Do you like alcohol?

Yes. I like Japanese sake. Saijo’s sake is the best in the nation. It was also my first time drinking sweet sake which was delicious. Although I do not drink that frequently, times like graduation, going to restaurants with friends, singing songs, are all made memorable with the enjoyment of alcohol.

Have you made many friends at Hiroshima University?

Yes. I have been getting along with many Chinese students. And in the Graduate School of Education, I have a friend who I shared classes with at my university in China, and she is now studying at Hiroshima University with me. Although we belong to different Graduate Schools, we are at least at the same University.

Well that is very reassuring.

Yes, and there is a weekly Japanese model class that was established by students in the Faculty of Education. Every Thursday, from 7pm to 8:30pm, I take this Japanese speaking class. The teachers are all students in the Faculty of Education. I believe they are very serious students. There is not much of an age gap which makes it very easy to get along with them. I also have a tutor. My tutor is a Chinese student, and has been extremely helpful to me, for which I am very appreciative of. I went to Miyajima with my tutor on November 26th last year. Miyajima is known as one of Japan’s most scenic spots. The wild deer there are really cute. The scenery is also beautiful. Unfortunately, I went after the season for maple leaves to be blossoming had just passed. I also want to go to “Shukkeien Garden” in Hiroshima city. I hear that it is an especially beautiful garden when the cherry blossoms are bloomed.

How do you spend your days off?

I have been selected to be a campus reporter for the Chugoku Newspaper. I am a student reporter for the Chugoku Newspaper. There was a training workshop, where I learned how to take good photos and compose interviews, and it is my job to produce good topics for conversation. I am really looking forward to writing a report in Japanese.

I also sometimes have to go to my professor’s seminars on my days off. My professor is a very serious but kind teacher. Despite his busy schedule, he is always kindly guiding me through my research, and is a great professor. In October of last year when I first arrived, he organized a welcome party for us newcomers, which I was really happy about. He always asks, “have you gotten used to life in Japan yet?” which makes me feel like we are family. I have no concerns, and really appreciate this environment. For New Years, professor invited us out to a soba restaurant in Hiroshima to enjoy toshikoshi soba. It was really delicious! I was really glad to be able to spend a Japanese New Year with my professor and my seniors.

That sounds great! How do you usually spend New Years in China?

At my house, we all gather on New Years Eve and eat dinner together, and at midnight eat dumplings. I think it differs between households, but am pretty sure that this is a very standard way to spend New Years in the north side. Dumplings in Japan and China are different. China has boiled dumplings whereas Japanese dumplings are fried. For example, we sometimes boil the dumplings together on the first day, and then fry them on the second. But boiled dumplings are more common. There are a lot of things to put in the dumplings as well, including pork, vegetables, eggs, and bean-noodles.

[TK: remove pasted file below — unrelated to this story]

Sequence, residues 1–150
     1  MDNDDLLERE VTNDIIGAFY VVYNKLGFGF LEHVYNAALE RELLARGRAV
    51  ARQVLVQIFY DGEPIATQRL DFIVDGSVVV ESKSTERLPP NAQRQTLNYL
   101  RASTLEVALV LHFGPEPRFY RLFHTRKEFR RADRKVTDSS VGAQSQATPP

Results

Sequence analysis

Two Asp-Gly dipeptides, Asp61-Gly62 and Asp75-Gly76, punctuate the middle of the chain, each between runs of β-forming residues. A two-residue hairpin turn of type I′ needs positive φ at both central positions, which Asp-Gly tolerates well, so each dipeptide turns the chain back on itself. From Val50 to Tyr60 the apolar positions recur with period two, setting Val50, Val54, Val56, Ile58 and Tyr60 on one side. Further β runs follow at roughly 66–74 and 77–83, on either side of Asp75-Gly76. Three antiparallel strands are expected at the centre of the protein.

That’s very interesting. Can you tell me more about your hometown of Jinan?

Jinan is the provincial capital of Shandong, and is well known for its springs. Jinan is sometimes even called “the city of springs.”
In Jinan, beginning with the Batou Spring, there are 72 famous springs. Spring water is sweet and refreshing, which makes it very appetizing. When talking about springs in China, people will immediately think of Jinan.

Does your research theme relate to Jinan at all?

Well since my research focuses on the eastern coastal regions of China it will include cities like Beijing, Shanghai, and Tenshin, as well as seven provinces including Shandong and Hebei. I want to use these large territories as a basis for my research. I recently came across a survey report that introduced this idea of a center of excellence. Within the content came a query: “Does China have a center of excellence?” China’s eastern coastal regions are more developed than other regions, and each area has its own points of superiority. That is why the question of whether China can construct a large center of excellence or if there is the possibility to gather clusters of excellence was posed. I am very interested in this and want to continue researching this topic. If it is possible, I think it will prove to be useful in China’s goal to develop a knowledge based economy.

That sounds like a very well thought out research topic! What do you plan to do after completing your first curriculum of your Master’s program?

Well first off, I need to continue on to the second semester. My master’s course is only 2 years, which really is not a lot of time to complete research with significance. If I am able to complete my master’s course successfully, I would like to become a university professor or enter a research facility. I would be ecstatic if my research could have some sort of contribution to China’s policies.

Lastly, do you have any advice for any aspiring exchange students from China or the rest of the world?

I think studying abroad is a very good opportunity. I think it is a very significant part of life. It is very helpful in constructing your outlook on the world, and if possible, would like everyone to try studying abroad. I think it will change your life. It will greatly affect a variety of your strengths and abilities in the long run.

Thank you very much for today! I wish you the best of luck on your research.

I’ll do my best to successfully complete my master’s course!!

Photo Gallery

In a class room

In front of the Faculty of Economics

Shukkeien Garden